Making a mobile game crossover is easy. Just take your popular game and re-skin it to resemble whichever pop culture phenomenon will rake in the most cash. This is twice now Angry Birds developer Rovio has screwed up that simple formula. It's probably because they're Finnish.

The first Angry Birds Star Wars game was noticeably not a simple re-skinning. Rovio did manage to dress up their now-iconic birds and pigs in Star Wars costumes and fill the game with the sights and sounds of the first trilogy of movies, but they just couldn't resist innovating.

They refined the gravity elements of Angry Birds Space. They included features like regular bursts of blaster fire, adding an element of timing to the game, or objects suspended via dark Force powers that plummeted to the ground with the death of their Sith Master. Instead of a makeover, it was an evolution.

Now we have Angry Birds Star Wars II, the perfect excuse to just give us more of the same — hell, it's just the prequels, no one would notice. Instead, we've got a game that's even closer to the spirit of Star Wars. Another missed opportunity, Rovio.

Instead of giving players 80 straight levels at launch, we've got 40 for each side of the force. For the first time in Angry Birds history, we're flinging pigs at birds instead of just birds at pigs. It's oddly satisfying.

Angry Birds Star Wars II Could Have Been A Great Shameless Cash-Grab

Story levels still follow along a path, as they did in the first title, but now there are branches in those paths, activated by nailing difficult targets in certain levels — technically that makes it more than 80 levels at launch — I was just not very good at hitting the targets.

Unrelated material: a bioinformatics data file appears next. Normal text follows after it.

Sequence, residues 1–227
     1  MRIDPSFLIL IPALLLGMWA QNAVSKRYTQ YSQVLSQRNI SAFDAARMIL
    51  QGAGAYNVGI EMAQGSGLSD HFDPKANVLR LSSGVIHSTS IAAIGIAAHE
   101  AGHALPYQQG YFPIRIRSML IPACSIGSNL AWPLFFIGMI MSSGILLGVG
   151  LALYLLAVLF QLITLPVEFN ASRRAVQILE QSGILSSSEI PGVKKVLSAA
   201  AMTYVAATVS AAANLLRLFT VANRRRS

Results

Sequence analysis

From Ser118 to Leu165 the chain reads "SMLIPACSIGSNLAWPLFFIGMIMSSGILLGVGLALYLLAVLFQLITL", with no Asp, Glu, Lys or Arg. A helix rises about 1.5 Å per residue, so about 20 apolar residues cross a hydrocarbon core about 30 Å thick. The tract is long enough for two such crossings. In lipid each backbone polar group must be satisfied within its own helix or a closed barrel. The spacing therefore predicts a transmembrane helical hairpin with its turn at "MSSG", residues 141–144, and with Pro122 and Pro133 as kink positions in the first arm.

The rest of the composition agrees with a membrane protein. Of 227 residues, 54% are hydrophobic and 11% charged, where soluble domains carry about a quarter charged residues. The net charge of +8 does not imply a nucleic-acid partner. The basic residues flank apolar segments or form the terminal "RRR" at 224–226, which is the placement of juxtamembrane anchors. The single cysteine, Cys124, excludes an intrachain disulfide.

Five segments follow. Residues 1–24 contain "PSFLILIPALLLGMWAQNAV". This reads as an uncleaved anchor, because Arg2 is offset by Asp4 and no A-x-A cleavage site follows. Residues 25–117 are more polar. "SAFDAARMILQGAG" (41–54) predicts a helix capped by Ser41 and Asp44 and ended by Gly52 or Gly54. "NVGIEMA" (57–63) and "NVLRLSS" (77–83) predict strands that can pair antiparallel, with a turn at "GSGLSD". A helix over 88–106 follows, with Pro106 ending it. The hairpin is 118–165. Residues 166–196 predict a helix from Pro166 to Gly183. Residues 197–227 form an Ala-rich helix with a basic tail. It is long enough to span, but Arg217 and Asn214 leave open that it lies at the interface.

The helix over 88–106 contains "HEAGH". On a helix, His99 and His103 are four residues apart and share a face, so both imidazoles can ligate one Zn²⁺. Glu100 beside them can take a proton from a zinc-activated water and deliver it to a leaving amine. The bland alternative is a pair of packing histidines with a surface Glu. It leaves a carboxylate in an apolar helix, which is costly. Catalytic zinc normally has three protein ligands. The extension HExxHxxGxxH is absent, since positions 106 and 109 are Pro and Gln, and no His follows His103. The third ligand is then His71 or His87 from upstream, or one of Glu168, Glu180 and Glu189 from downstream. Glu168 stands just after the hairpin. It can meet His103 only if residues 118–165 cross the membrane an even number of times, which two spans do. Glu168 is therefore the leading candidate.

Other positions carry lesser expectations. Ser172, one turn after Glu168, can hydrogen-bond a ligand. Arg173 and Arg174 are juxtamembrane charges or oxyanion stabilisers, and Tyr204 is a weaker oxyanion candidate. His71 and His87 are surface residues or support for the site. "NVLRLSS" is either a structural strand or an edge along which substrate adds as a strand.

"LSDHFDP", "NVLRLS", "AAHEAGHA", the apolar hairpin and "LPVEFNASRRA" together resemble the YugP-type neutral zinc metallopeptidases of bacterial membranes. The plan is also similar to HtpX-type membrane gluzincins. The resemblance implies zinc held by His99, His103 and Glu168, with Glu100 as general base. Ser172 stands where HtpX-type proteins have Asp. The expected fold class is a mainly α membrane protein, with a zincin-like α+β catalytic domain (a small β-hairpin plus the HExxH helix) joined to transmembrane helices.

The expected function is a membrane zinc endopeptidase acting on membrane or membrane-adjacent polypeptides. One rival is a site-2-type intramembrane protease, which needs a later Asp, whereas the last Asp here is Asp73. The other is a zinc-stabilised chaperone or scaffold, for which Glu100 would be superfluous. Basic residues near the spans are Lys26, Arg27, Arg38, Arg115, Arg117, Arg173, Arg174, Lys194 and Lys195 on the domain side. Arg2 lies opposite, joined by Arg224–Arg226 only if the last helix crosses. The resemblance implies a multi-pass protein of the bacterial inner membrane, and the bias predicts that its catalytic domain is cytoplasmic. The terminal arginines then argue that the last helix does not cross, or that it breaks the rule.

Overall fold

We've got 32 different characters to play as — 18 on the Light Side, and 12 on the Pork Side. They're not all carbon copies of the characters introduced in the first game either. Some are evolutions — a soldier that fires scattered blaster fire instead of a focused burst. Others are complete new. Jango Fett fires missiles. Young Anakin Skywalker flies a podracer. Jar Jar Binks latches onto objects with his tongue and swings around like a wrecking ball.

With this massive influx of characters comes a new way to play. Using in-game currency earned through completing achievements (oh yeah, this one has achievements) or acquired via real-life funds, players can purchase characters from the in-game store. Character packs are also given out as stage completion awards. These purchased or awarded characters can be swapped out for the default birds and pigs on any given level, giving players fresh ways to attack vexing problems.

As you use each of the game's characters, the points they generate are accrued. Reach the target score for a character, and their bonus level is unlocked in the reward chapter.

Angry Birds Star Wars II Could Have Been A Great Shameless Cash-Grab

So many new ways to play, and I haven't even mentioned the physical toys — Angry Birds Star Wars Telepods from Hasbro. That's mainly because those toys, while neat, are completely optional to the experience. You don't need them at all. I grabbed a little video anyway, in case you're curious.

If there's a downside to Angry Birds Star Wars II's ingenuity, it's that each new level is so fresh and exciting that I excitedly tore through the game's story levels in a little over an hour. Mind you I still have many stars to acquire and special character levels to unlock and conquer, but I devoured this initial story batch like an appropriately Star Wars-related hungry thing.

Instead of cashing in on one hell of a licensing tie-in, the majority of the innovation in the Angry Birds franchise has occurred over the course of these two Star Wars games. Rovio is truly an odd duck.

Angry Birds Star Wars II

Genre: Angry Birds

Developer: Rovio

Price: $.99

Platforms: Android, iOS

Get Angry Birds Star Wars II on Google Play (coming soon) — Get Angry Birds Star Wars II on iTunes